Lorena Montoya, like thousands of El Pasoans facing financial hardships during the COVID-19 pandemic, has been relying on the El Pasoans Fighting Hunger Food Bank to help feed her family.
Montoya, who cleans houses for a living, said it has been difficult to find work since March. She lives with her 21-year-old son Stephen Montoya and her 14-year-old son Justin Montoya while her husband Juan Montoya works out of town doing construction.
Without the aid from the food bank, Montoya said they would be struggling.
“When the pandemic started in March, someone from church told me they were giving out food and that’s when I started to go,” Montoya said. “I haven’t struggled with food. I have had food for my family and to share with other people because the food they give us is excellent, but the truth is a lot of families would have struggled (without it).”
Lorena Montoya prepares to separate the food items she received into boxes that she will share with three other households. Montoya, who lost her income for several months when she contracted COVID-19 and had to stop cleaning houses, was just recently able to start working again. (Corrie Boudreaux/El Paso Matters)
Montoya’s situation is not unique. COVID-19 has caused economic devastation, overwhelmed the health-care system and exacerbated food insecurity in El Paso — an issue that has long been a silent battle for families who do not know where their next meal may be coming from.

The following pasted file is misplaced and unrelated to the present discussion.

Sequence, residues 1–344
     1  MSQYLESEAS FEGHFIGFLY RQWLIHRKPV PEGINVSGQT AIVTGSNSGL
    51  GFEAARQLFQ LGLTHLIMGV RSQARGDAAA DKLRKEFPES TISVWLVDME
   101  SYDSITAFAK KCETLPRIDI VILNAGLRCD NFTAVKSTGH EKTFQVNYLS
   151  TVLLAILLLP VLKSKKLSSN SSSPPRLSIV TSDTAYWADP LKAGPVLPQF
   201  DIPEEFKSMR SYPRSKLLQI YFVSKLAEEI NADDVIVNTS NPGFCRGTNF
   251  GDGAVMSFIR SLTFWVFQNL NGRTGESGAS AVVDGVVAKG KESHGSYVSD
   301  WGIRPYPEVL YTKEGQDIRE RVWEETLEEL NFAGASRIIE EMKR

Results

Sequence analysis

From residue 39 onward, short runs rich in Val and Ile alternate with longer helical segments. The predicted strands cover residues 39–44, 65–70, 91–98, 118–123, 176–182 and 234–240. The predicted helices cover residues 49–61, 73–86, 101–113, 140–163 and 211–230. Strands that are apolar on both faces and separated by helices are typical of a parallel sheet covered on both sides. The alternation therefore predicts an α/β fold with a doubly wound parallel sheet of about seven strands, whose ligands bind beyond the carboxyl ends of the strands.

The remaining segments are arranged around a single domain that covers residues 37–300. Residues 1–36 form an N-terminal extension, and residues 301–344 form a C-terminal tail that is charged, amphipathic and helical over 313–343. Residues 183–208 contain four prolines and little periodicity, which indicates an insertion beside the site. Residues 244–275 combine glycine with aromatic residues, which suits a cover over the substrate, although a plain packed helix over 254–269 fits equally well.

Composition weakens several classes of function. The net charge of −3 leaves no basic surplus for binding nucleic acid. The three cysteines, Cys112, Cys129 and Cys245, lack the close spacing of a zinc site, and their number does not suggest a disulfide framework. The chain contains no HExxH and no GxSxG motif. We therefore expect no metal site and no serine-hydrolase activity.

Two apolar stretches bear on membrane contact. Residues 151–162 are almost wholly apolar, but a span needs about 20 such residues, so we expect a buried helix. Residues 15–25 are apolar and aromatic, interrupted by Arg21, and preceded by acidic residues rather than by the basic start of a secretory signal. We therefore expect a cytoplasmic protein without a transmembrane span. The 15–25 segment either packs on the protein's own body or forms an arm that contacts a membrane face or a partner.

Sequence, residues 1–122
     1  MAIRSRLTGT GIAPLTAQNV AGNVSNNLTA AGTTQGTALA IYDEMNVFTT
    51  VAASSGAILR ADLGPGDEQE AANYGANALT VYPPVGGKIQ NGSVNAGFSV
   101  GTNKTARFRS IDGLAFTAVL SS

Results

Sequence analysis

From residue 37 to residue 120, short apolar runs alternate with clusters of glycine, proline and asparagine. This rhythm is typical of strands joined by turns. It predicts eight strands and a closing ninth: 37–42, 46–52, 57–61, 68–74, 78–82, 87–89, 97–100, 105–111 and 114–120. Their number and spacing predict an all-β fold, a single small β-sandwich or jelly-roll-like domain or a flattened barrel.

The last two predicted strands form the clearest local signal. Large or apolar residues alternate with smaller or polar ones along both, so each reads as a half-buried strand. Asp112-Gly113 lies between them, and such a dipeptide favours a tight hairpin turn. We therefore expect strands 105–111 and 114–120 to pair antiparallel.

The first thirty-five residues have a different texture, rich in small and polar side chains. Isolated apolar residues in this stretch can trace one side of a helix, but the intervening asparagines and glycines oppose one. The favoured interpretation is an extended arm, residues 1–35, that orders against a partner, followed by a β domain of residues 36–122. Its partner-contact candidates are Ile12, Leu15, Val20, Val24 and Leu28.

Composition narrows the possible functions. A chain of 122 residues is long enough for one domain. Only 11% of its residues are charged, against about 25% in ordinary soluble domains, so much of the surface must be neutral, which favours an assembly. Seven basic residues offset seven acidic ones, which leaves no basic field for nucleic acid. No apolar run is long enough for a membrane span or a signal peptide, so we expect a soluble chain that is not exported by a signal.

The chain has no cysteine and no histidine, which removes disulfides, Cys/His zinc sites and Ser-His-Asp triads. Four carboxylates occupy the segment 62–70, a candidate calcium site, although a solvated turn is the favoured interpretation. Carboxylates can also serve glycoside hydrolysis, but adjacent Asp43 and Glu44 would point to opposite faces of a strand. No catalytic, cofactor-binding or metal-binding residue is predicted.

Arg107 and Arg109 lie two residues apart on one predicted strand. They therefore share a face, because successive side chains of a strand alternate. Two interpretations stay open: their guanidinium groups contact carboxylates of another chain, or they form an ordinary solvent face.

Local organizations and programs have been working toward addressing food insecurity in the region in the long term, but the pandemic has created an urgent need to ensure families like Montoya’s do not go hungry.
The El Pasoans Fighting Hunger Food Bank has had to adapt to the overwhelming need to provide food for thousands of struggling families. Officials are concerned that with emergency funding sources dwindling by the end of the year, it may be difficult to sustain the prolonged need the community continues to face.
“There is a lot of uncertainty that we’re facing come January and we are talking to everybody that will take a phone call from us and saying: please help,” said El Pasoans Fighting Hunger CEO Susan Goodell.